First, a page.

The Boy Next Door
The Boy Next Door has its share of so-bad-they’re-good moments – and details, and chunks of dialogue – but not nearly enough. Mostly, they’re just…
When "Alexander," Oliver Stone's epic biopic chronicling the life and accomplishments of Alexander the Great, arrived in theaters in late 2004, it was the culmination of a long-cherished dream of the controversial filmmaker to bring the story of the controversial conquerer to the big screen that at one point even found him fending off a competing film on the subject that was to have been directed by Baz Luhrmann with Leonardo DiCaprio in the lead. That dream quickly turned into a nightmare as the resulting film was savaged by critics for being a miscast muddle and ignored by audiences that had turned out to see similarly themed films like "Gladiator" and "Troy" in droves. Even Colin Farrell seemed to turn against it when, a week after its release, he appeared on "Saturday Night Live" and cracked a nasty joke about the film in his monologue.
In short, the film was a flop (though it would eventually make back its production costs). Under ordinary circumstances, it might have simply been forgotten by all but collectors of massive cinematic disasters. However, even as he was reestablishing his career with such films as "World Trade Center," "Wall Street: Money Never Sleeps" and "Savages," it appeared as Stone was unwilling to simply let "Alexander" fade into the mists of misbegotten screen history. In 2005, when the film, which originally ran for 175 minutes arrived on DVD, Stone prepared a "Director's Cut" that saw him restructure some elements, delete 25 minutes of footage and add 17 minutes of unseen scenes into a 167-minute version that was actually shorter than the original. And yet, Stone still couldn't get the story out of his system and in 2007, he released a so-called "Final Cut" that replaced the deleted 25 minutes along with another 40 minutes of additional scenes making their debut in a version that, after the trimming of some now superfluous material, now clocked in at 214 minutes.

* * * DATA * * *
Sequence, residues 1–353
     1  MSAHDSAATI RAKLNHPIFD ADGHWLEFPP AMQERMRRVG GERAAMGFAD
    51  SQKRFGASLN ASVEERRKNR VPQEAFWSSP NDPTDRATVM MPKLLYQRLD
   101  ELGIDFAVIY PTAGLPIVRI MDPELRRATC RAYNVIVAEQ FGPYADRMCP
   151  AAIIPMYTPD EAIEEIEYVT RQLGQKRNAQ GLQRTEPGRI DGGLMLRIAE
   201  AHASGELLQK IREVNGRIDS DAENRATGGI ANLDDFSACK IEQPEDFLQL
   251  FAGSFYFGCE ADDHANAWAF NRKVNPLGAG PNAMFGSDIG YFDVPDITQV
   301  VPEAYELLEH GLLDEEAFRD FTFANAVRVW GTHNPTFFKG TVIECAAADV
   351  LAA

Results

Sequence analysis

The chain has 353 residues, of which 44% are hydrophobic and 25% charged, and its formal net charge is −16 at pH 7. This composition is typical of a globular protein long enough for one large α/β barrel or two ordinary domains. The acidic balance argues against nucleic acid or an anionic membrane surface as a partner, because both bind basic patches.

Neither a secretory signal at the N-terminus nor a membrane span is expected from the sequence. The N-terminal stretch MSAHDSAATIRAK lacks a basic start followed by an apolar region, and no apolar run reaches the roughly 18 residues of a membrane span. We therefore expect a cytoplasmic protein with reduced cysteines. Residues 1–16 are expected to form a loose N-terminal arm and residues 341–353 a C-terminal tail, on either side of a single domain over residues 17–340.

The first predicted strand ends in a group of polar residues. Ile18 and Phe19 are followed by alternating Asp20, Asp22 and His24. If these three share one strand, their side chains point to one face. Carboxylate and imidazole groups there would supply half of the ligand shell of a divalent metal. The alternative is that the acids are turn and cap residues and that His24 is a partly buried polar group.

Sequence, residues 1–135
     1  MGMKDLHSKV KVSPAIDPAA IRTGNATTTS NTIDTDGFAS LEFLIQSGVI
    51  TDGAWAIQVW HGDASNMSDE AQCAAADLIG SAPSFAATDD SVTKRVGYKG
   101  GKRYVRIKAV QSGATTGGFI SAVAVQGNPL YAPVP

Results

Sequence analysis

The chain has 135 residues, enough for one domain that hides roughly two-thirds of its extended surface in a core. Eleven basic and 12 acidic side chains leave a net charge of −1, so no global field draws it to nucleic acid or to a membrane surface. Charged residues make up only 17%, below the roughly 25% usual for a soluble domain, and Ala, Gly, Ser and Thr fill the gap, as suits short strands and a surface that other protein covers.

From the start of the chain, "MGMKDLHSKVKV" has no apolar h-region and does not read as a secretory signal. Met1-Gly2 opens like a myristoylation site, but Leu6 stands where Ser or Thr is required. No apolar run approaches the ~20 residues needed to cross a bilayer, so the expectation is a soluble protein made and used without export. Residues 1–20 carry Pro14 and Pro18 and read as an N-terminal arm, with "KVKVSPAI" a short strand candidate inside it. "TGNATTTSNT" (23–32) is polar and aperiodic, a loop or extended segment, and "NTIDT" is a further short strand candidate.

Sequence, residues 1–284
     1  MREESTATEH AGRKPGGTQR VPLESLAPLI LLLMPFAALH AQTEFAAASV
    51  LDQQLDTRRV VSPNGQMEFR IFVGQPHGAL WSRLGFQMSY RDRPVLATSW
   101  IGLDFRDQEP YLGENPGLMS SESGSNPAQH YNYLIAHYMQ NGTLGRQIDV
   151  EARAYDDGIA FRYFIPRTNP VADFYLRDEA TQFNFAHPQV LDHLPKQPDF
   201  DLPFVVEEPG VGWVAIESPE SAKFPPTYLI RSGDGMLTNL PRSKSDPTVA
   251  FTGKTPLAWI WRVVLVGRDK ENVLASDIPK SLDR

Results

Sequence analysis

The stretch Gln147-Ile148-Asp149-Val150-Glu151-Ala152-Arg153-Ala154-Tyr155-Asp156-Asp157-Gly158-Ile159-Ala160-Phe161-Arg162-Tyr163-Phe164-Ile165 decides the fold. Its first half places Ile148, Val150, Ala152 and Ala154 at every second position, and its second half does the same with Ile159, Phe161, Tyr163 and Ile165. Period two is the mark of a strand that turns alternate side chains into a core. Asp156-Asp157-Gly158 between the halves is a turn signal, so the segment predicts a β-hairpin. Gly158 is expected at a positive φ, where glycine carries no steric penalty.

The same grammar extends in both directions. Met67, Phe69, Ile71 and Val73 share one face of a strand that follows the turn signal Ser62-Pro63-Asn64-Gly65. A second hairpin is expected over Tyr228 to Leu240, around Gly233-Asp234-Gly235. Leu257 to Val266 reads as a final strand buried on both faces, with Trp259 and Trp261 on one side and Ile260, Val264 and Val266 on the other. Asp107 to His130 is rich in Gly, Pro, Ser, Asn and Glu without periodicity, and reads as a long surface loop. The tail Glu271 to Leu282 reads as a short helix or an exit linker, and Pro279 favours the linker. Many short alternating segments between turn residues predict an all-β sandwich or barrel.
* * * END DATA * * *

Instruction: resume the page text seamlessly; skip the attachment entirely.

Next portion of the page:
With the film's 10th anniversary approaching, Stone has returned to the project that has obsessed him for nearly two decades with "Alexander: The Ultimate Cut," a 207-minute-long refinement of the "Final Cut," which he promises will be his final say on the subject and was recently released on Blu-ray. Even in a film culture in which there are at least five separate cuts of "Blade Runner" floating around, this might seem at first blush to be overkill on Stone's part and begs the question of whether this new and final version can possibly rehabilitate the terrible reputation that the film has been carrying around since its initial release. The various expansions and rejiggerings have improved it immeasurably, and what was once a head-scratching mess has reformed into an undeniably fascinating example of epic cinema.